• General Abdul Karim Qassim (born 1914, died 1979) (entered office 1958, left office 1968): Qassim became new prime minister following the overthrow of the Hashemite. He also self-appointed as regent while looked for a candidate for a national born king. Qassim instituted a full scale program of reforms financed by oil wealth turning the country to a communist-like regime, focused on Arab unity and aimed Iraaq to become leading Arab Nation country, the largest oil producer in the world so as an industrialized country.

In 1968 he gave up his search for a king of Iraaq and became the first president after a plebiscite at a time iraaqis were having the highest standard of living they ever had.

Iraaqi Arab Republic

  • General Abd as-Salam al-Jumaili (born 1921, died 1979) (entered office 1968, left office 1972): one of the major officers who participated at the 14th July coup. Followed Qassim’s policies but by 1971 he adverted the president that high oil productivity could cause a massive price downfall. Qassim dismissed him for this and since then just kept presence at national parliament as representative. Later he was executed when theocracy was instituted.
  • Sa’dun Hammadi (born 1930, died 2007) (entered office 1972, left office 1975): second Shiite to become prime minister and former Minister of Oil Industry during Qassim term as prime minister. Had a difficult term since when oil prices felt dramatically in 1973. As he wasn’t able to revert crisis situation he finally resigned in 1975.
  • Sheik Ahmed Hassan al-Bakr (born 1914, died 2005) (entered office 1975, left office 1976), first time: Sunni scholar who became Minister of Religion during the early 1960’s. Later he was replaced by his relative Saddaam Hussayn, in 1972. Became prime minister in a time of economic crisis and having no solutions he resigned after less than one year he was appointed.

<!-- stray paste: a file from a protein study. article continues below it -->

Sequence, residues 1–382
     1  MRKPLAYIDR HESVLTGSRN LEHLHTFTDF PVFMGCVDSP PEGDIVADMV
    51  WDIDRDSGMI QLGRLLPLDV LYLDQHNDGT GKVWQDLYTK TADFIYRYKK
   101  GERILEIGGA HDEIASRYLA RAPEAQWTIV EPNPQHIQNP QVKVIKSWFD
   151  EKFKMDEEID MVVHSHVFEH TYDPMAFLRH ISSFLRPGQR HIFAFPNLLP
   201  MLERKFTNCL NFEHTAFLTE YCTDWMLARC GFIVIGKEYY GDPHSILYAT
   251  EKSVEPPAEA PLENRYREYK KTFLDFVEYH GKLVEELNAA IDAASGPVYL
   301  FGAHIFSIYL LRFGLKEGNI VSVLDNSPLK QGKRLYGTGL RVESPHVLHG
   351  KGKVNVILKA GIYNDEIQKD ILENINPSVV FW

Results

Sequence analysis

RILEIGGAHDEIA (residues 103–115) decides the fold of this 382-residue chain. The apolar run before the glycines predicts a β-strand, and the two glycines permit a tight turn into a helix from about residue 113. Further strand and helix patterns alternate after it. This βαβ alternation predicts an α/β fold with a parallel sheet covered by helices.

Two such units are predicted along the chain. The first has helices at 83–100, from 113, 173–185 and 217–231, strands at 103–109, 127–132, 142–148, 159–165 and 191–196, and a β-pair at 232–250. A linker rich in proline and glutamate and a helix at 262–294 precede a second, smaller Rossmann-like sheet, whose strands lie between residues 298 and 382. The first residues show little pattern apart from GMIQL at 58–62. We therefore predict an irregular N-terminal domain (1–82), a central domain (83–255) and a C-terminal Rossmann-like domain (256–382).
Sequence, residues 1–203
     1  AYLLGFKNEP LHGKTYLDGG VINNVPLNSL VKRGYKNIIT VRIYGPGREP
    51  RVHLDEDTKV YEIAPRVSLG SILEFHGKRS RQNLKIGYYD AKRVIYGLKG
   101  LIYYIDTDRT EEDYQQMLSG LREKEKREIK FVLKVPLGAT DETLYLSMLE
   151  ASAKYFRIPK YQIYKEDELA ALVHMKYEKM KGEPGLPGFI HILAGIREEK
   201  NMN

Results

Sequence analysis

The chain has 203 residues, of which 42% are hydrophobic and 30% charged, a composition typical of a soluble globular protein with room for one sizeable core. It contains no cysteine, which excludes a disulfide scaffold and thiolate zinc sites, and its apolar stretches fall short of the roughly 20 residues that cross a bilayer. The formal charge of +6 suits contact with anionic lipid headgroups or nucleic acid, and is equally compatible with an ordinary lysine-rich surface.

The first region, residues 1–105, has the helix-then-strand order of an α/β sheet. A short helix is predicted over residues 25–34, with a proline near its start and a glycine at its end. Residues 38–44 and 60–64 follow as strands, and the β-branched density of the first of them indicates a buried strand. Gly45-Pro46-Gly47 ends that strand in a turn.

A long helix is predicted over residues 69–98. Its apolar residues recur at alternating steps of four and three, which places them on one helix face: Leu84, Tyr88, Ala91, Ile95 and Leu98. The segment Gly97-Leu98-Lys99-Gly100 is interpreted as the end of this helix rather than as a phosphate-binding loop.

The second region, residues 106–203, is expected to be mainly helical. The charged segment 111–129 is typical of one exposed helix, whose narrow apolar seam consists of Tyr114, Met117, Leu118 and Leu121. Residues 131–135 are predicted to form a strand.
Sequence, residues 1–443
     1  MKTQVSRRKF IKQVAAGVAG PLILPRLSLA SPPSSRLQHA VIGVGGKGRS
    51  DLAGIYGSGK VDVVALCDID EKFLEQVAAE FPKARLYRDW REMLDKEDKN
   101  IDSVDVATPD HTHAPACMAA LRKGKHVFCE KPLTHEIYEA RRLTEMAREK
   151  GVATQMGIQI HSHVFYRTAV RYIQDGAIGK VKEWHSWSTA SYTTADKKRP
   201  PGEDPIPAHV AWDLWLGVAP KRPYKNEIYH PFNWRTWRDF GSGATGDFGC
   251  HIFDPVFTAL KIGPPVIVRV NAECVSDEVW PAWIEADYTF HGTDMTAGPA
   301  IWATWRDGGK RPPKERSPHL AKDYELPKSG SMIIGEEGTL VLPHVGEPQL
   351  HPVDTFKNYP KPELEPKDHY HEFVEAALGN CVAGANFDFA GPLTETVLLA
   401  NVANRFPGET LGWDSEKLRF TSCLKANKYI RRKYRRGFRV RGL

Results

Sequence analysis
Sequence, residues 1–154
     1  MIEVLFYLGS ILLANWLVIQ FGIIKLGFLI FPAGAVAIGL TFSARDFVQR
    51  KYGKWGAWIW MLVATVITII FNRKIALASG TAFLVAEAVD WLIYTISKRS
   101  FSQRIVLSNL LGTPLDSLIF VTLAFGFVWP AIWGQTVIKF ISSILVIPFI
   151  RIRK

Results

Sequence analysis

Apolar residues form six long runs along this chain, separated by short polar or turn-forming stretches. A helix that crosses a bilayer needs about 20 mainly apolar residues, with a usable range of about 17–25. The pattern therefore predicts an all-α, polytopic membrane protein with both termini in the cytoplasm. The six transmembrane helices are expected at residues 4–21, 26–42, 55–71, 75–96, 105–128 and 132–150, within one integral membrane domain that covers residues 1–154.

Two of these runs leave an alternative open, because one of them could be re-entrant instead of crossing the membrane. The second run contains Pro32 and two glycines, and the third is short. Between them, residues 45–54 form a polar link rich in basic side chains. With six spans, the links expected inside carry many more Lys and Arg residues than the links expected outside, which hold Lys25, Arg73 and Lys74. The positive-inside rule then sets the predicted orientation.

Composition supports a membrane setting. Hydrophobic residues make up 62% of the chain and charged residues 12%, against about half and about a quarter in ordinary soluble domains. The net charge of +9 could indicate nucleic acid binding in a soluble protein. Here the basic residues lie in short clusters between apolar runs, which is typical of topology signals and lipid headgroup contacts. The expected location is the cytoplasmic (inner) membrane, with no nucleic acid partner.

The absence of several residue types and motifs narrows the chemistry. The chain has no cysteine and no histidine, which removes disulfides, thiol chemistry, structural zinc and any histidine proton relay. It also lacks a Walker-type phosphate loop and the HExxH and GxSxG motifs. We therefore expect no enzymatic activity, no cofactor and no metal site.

• Muhammad Amza az-Zubeidi (born 1938, died 1979) (entered office 1976, left office 1977): third Shiite to become prime minister. Still another weak and uninspired ruler who wasn’t able to find solutions against crisis. Resigned within less than a year in a time social unrest was growing.
  • Sheik Saddaam Hussayn (born 1935) (entered office 1977, left office 1979), first time: minister of religion since 1972 seemed to President Qassim to be a loyal politician. Also one of the most popular men of the regime due to his radio speeches and newspaper articles. Appointed as prime minister in 1977 in a time that regime was losing popular support. Such appointment of a charismatic preacher was supposed to recover some of that lost support.

Hussayn, considering secretly Qassim was taking Iraaq to economic suicide, conspired and gathered a large number of radical Islamite who deposed the president and replaced communist like regime by theocracy in 1979.

Sheik Hussayn regime (theocracy)

  • Sheik Ali Hassan al-Majid (born 1941) (entered office 1979, left office1982): appointed Prime Minister following the 1979 coup. Al-Majid. Created the religious police being responsible for persecuting the non-Muslim minorities and to make everyone accomplish the new official religious and moral points of view. Also ordered large purges in all levels of iraaqi society which caused thousands of dead. Strong supporter of the invasion against Persia, in 1980. By 1982 when Persia-Iraaq War came into stalemate he suggested Saddaam Hussayn to develop or at least to acquire nuclear bombs for decimating Persia. Such made him become known secretly as Sheik Ali the Nuke. As President Sheik Hussayn disagreed (he considered chemical weapons would be much easier to use so as cheaper) al-Majid resigned.